Checkpoint Next Generation Firewall

Monitor Check Point Next Generation Firewall for suspicious activity more efficiently by correlating Checkpoint Next Generation Firewall logs across vendors and correlate firewall data with endpoint data to identify patterns that could be early indicators of an attack.

Breaking Changes

This update includes parser changes, which means that data ingested after upgrade will not be backwards compatible with logs ingested with the previous version.

Updating to version 1.0.0 or newer will therefore result in issues with existing queries in for example dashboards or alerts created prior to this version.

See CrowdStrike Parsing Standard (CPS) 1.0 for more details on the new parser schema.

Follow the CPS Migration to update your queries to use the fields and tags that are available in data parsed with version 1.0.0.

Installing the Package in LogScale

Find the repository where you want to send the Next Generation Firewall logs, or create a new one.

  1. Navigate to your repository in the LogScale interface, click Settings and then Packages on the left.

  2. Click Marketplace and install the LogScale package for Checkpoint (i.e. checkpoint/ngfw).

  3. When the package has finished installing, click Ingest tokens on the left still under the Settings.

  4. In the right panel, click + Add Token to create a new token. Give the token an appropriate name (e.g. the name of the server the token is ingesting logs for), and either leave the parser unassigned (instead of setting the parser in the log collector configuration later on), or assign the checkpoint-ngfw parser to it.

    Ingest token

    Figure 17. Ingest Token

    Before leaving this page, view the ingest token and copy it to your clipboard — to save it temporarily elsewhere.

  5. Now that you have a repository set up in LogScale along with an ingest token you're ready to send events to LogScale.

Configurations and Sending the logs to LogScale

First you need to configure Check Point Log Exporter to send all logs types to the syslog server.

Next, configure the Falcon LogScale Collector to ship the logs from your syslog server into LogScale. Follow LogScale Collector Install LogScale Collector and Configure LogScale Collector. LogScale Collector documentation also provides an example of how you can configure your syslog datasource.

Verify Data is Arriving in LogScale

Once you have completed the above steps the checkpoint data should be arriving in your LogScale repository.

You can verify this by doing a simple search for #Vendor = "checkpoint" | #event.module = "ngfw" to see the events.

Package Contents Explained

This package parses incoming data, and normalizing the data as part of that parsing. The parser normalizes the data to CrowdStrike Parsing Standard (CPS) 1.0 schema based on OpenTelemetry standards, while still preserving the original data.

If you want to search using the original field names and values, you can access those in the fields whose names are prefixed with the word "Vendor". Fields which are not prefixed with "Vendor" are standard fields which are either based on the schema (e.g. source.ip) or on LogScale conventions (e.g. @rawstring).

The fields which the parser currently maps the data to, are chosen based on what seems the most relevant, and will potentially be expanded in the future. But the parser won't necessarily normalize every field that has potential to be normalized.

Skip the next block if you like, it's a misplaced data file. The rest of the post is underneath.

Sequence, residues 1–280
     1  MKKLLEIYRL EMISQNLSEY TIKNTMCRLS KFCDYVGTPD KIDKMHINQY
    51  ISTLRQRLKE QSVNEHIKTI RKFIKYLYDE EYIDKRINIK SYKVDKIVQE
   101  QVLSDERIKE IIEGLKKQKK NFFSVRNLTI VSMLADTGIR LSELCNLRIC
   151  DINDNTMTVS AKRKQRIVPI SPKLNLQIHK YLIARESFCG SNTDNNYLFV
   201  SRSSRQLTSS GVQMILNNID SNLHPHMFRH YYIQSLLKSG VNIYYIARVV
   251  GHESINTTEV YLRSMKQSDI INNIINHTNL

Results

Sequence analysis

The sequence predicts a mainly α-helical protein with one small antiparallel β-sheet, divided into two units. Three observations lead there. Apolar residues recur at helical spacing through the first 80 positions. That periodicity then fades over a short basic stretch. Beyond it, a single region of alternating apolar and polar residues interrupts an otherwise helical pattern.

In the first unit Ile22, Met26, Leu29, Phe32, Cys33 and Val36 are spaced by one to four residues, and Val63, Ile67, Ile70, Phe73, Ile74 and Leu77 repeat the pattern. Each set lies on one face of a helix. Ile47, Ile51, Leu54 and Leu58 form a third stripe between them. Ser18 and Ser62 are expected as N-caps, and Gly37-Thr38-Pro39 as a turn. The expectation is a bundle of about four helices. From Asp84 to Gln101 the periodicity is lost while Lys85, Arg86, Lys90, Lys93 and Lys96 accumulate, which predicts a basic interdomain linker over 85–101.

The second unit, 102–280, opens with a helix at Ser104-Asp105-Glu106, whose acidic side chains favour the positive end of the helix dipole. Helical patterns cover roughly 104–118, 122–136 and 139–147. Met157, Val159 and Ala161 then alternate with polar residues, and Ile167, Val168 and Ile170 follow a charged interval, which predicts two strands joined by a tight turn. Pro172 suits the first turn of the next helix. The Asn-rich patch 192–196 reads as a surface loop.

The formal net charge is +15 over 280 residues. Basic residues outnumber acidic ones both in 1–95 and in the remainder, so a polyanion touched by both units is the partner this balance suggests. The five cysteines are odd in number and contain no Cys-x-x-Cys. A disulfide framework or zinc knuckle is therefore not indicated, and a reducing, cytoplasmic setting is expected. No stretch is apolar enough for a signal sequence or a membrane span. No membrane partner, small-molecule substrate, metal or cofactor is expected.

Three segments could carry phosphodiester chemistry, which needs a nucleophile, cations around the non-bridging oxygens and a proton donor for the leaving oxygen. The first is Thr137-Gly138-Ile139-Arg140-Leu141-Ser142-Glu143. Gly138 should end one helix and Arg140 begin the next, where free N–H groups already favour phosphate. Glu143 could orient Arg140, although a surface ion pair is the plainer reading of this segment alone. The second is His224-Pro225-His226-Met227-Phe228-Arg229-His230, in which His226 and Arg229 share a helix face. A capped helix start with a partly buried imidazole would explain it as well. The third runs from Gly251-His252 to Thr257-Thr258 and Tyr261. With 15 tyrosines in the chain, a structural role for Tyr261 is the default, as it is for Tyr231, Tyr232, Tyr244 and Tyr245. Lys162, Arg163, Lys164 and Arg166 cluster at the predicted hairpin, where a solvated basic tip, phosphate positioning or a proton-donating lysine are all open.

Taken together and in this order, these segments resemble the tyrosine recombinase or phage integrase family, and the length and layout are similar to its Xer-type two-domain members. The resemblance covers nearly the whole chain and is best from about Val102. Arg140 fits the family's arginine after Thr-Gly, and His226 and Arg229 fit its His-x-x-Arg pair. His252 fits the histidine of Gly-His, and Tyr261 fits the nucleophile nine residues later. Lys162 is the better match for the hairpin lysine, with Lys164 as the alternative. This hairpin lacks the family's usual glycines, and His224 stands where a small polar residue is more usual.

Event Categorisation

As part of the schema, events are categorized by four different fields:

  • event.category

  • event.kind

  • event.type

  • #event.outcome

event.category is an array, so it needs to be searched like so:

array:contains("event.category[]", value="network")

Normalized Fields

Here are some of the normalized fields which are being set by this parser:

  • dns.* (e.g,, dns.question.type, dns.type)

  • ecs.* (e.g. ecs.version)

  • related.* (e.g. related.ip, related.hosts, related.user)

  • file.* (e.g, file.size, file.inode, file.type, file.hash.sha,

  • destination.* (e.g, destination.nat.ip, destination.packets, destination.nat.port,, destination.ip, destination.port, destination.mac,, destination.geo, destination.bytes, destination.domain)

  • network.* (e.g, network.iana,, network.bytes, network.direction, network.packets, network.transport, network.application)

  • observer.* (e.g, observer.type,, observer.vendor,, observer.product,, observer.mac, observer.version,, observer.ip)

  • rule.* (e.g rule.category,, rule.ruleset, rule.uuid, rule.description,

  • host.* (e.g, host.os.version)

  • os.* (e.g, os.version)

  • vulnerability.* (e.g

  • user.* (e.g,,,

  • user_agent.* (e.g, user_agent.original)

  • process.* (e.g,,,

  • network.* (e.g, network.iana,, network.bytes, network.direction, network.packets, network.transport, network.application)

  • log.* (e.g log.syslog.appname, log.syslog.priority, log.syslog.msgid, log.syslog.procid, log.syslog.hostname, log.syslog.version, log.syslog.structured))

  • server.* (e.g,,,, server.type, server.product, server.ip, server.vendor,, server.version, server.mac)

  • hash.* (e.g hash.sha,

  • service.* (e.g service,name)

  • related.* (e.g. related.ip, related.hosts, related.user)

  • source.* (e.g source.domain,, source.nat.ip,, source.geo, source.packets, source.mac,, source.ip,, source.bytes, source.port, source.nat.port)

  • email.* (e.g email.message,, email.from.address, email.bcc.address,, email.local, email.subject,

  • event.* (e.g event.severity, event.risk, event.outcome, event.kind, event.start, event.type,, event.category, event.module, event.url, event.end, event.action, event.sequence)

Next steps and use cases

You can get actionable insights from your Next Generation Firewall data by hunting for suspicious activity in LogScale using the Searching Data, Dashboards & Widgets or Automation.